Developments are already moving in this direction, as towards the end of 2018, Goldman Sachs invested in a cross-border payments platform and American bank PNC joined the Ripple Network. In the Middle East, the UAE and Saudi Arabia collaborated on a blockchain-based international payments system.
Although blockchain tech might be a feasible factor in the crypto world, it is less likely that institutions will adopt existing digital coins. Deloitte UK Blockchain Lead Tyler Welmans said that he expects corporate investment in platforms and services related to crypto to grow but that the currencies themselves are less likely to benefit.
“With respect to public networks and cryptocurrencies, there are few signs banks are investing directly in cryptocurrencies, although plenty of niche investment funds are,” Welmans added. “However, we continue to see strong growth in the development of cryptocurrency-linked products and services, such as exchange trading, futures and custody services.”
It is not just banks, funds and big businesses that are interested in crypto possibilities, as plenty of government-level observations are also taking place. The way that blockchain ledgers could apply to the tokenisation of identity is a concept that is raising interest among those involved in benefits, pensions and healthcare provision on national scales.
Of course, being able to verify identity is now also a huge business concern, with threats of data theft and the ever-growing number of online digital transactions causing the introduction of new measures all the time. Welmans commented: “For instance, many financial institutions are very interested in the prospect of harnessing blockchain-powered digital identities to simplify compliance and other checks which require verification of customer credentials.”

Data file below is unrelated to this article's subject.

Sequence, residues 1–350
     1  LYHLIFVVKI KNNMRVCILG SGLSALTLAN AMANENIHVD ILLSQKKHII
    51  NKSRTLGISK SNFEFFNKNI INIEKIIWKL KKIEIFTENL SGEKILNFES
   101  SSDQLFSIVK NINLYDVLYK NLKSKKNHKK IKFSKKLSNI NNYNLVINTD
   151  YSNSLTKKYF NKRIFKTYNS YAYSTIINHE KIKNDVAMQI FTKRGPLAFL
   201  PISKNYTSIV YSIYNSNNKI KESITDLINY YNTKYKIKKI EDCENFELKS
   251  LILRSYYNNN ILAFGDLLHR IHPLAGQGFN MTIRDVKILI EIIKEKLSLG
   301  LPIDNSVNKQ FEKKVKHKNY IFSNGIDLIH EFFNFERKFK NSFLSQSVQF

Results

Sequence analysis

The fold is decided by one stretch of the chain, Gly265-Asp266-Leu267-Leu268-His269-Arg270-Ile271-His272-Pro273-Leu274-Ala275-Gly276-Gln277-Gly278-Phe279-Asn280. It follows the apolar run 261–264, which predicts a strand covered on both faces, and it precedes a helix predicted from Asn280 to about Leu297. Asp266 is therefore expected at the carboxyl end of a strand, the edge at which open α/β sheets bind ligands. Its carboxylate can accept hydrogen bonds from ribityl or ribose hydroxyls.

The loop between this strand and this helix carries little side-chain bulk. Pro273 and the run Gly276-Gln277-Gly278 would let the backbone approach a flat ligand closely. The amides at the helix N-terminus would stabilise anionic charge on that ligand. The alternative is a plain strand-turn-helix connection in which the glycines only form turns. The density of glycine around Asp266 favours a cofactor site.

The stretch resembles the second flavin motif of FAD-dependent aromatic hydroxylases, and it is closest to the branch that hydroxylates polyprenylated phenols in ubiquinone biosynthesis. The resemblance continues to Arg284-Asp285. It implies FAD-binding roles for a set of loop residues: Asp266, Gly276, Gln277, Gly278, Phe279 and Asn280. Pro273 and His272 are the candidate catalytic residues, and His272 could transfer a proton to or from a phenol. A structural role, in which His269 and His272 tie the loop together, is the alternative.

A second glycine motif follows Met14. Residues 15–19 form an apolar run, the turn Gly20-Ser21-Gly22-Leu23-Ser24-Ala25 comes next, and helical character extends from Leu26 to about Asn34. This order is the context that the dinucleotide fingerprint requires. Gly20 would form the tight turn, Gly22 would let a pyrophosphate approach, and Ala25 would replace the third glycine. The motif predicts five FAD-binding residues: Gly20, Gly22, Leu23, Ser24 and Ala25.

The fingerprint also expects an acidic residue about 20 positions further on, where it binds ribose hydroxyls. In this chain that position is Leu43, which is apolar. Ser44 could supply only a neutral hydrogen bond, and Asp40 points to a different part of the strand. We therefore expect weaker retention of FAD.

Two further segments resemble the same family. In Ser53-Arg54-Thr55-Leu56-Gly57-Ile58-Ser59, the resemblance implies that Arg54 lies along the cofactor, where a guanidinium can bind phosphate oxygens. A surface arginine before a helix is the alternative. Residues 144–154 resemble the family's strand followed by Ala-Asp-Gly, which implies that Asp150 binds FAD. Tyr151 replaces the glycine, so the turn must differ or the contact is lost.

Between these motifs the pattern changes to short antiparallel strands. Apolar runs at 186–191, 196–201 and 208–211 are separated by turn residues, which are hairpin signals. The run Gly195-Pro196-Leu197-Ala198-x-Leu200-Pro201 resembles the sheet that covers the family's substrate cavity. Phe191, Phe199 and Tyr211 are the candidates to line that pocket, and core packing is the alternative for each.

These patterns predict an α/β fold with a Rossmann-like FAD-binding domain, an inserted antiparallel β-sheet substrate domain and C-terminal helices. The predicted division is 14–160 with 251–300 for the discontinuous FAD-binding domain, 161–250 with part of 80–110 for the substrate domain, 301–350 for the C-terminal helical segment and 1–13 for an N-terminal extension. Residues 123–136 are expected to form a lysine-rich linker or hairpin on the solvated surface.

Although major cryptocurrencies seem to be facing difficulty in getting major mainstream investors to fully understand the potential that they offer, it is obvious that many banks and big players are curious about how different blockchain-based solutions could solve current and future problems.
“Banks remain interested in interbank payment and settlement technologies as well as in solutions which simplify trade finance administration,” Welmans said. “Asset managers are perhaps unsurprisingly most interested in new models for the tokenisation and management of traditional securities and other assets, with a number of projects expected to launch or evolve further in 2019.”
The crypto sector is still in its early days, as it has only been a decade since Bitcoin smashed its way into the public arena. It is no surprise that traditional business models are still struggling to realise the full potential of how these radical and evolutionary concepts and processes can apply to best practice. However, there is no doubt that institutional investors’ views of crypto are changing, which means that 2019 could be the year that developments really move up a gear.